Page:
Paul Krugman has a post today about how badly some Republican governors have been doing with their budget policies. His basic criticism is that they have cut taxes. But he also has, at various times recently, complained about austerity. What, to Paul Krugman, is austerity? He has often been vague about whether it means raising taxes or reducing government spending, but he seems to mean a combination of those.

So, on the one hand, he doesn’t like austerity right now, given current macroeconomic conditions, which means, in part, that he doesn’t like tax increases. On the other hand, he doesn’t like tax cuts. That could leave the possibility that he wants taxes to stay the same. But then he praises the California government for its fiscal position, which, as he well knows, is due in part to tax increases.

Is there a way out of this apparent contradiction? Yes. What he might be arguing is that we shouldn’t have austerity at the national level because he wants the Keynesian fiscal multiplier to work and to do that, you need either tax cuts at the national level or government spending increases at the national level. But, he could argue, that doesn’t make sense when we’re considering fiscal policy at the state level. If, for example, the Kansas government cuts taxes, that might be marginally good for the country, because people will take their higher after-tax income and spend it mainly in the United States, but it will be lousy for Kansas, which will find itself in a fiscal bind. I’ve seen him make the “lousy for Kansas” point, although I’ve never seen him say, which I think he would have to, that it’s slightly good for the United States as a whole. And, Kansas, after all, is such a small economy that any policy there can’t have much effect nationally.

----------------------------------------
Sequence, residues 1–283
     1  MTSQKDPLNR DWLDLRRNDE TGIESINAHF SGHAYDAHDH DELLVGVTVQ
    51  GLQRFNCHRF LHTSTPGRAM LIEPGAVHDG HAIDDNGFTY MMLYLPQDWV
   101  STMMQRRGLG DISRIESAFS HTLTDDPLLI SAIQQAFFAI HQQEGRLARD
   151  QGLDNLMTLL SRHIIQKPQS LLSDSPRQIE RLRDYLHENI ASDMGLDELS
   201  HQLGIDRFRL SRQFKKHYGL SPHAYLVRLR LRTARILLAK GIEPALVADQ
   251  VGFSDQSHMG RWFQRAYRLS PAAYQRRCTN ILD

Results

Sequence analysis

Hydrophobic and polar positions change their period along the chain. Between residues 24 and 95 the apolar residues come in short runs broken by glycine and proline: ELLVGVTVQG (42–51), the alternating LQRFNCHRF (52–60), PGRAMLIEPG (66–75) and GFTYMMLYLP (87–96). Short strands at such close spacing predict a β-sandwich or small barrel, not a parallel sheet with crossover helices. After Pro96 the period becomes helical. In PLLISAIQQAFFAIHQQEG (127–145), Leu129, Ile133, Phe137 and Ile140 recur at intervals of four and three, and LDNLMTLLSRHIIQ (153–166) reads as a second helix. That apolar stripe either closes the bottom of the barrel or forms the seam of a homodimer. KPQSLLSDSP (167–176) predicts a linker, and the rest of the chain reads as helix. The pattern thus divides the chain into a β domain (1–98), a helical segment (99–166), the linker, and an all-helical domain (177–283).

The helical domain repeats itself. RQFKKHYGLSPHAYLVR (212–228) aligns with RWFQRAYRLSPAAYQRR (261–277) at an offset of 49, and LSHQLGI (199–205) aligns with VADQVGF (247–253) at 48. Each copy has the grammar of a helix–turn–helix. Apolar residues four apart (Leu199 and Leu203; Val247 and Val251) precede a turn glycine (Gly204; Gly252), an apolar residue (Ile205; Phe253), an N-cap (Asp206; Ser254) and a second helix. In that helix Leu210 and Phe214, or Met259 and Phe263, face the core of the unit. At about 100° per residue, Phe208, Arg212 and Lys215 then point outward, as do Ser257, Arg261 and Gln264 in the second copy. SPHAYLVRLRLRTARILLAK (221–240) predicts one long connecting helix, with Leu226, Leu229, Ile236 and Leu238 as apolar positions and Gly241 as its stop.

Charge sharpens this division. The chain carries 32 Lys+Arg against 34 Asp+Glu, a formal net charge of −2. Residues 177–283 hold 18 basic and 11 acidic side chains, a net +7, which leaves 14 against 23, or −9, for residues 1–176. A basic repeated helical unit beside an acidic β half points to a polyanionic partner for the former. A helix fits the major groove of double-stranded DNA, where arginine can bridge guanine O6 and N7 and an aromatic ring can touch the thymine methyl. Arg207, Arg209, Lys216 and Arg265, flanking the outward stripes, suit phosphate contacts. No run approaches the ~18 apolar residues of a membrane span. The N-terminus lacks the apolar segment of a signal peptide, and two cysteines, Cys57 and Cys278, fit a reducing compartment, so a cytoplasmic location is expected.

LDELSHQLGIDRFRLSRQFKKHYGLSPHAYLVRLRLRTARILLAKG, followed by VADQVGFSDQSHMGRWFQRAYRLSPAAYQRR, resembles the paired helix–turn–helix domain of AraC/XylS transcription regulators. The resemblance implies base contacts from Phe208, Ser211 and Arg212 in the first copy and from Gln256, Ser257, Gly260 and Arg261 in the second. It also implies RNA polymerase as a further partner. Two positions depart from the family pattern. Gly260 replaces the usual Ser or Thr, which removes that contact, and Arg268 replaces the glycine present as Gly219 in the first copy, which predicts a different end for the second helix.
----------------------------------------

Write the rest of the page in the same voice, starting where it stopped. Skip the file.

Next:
Given Krugman’s demand-side fiscal policy view, there is an internal coherence here. But that coherence starts to fray as he brings in to his evidence base larger states. He has singled out California and praised that government for a fiscal position that has come about, in part, due to recent tax increases. California is about 1/8 of the U.S. economy. So how many Republican governors need to cut taxes for how many states with what percent of the economy for Krugman to praise them for resisting austerity?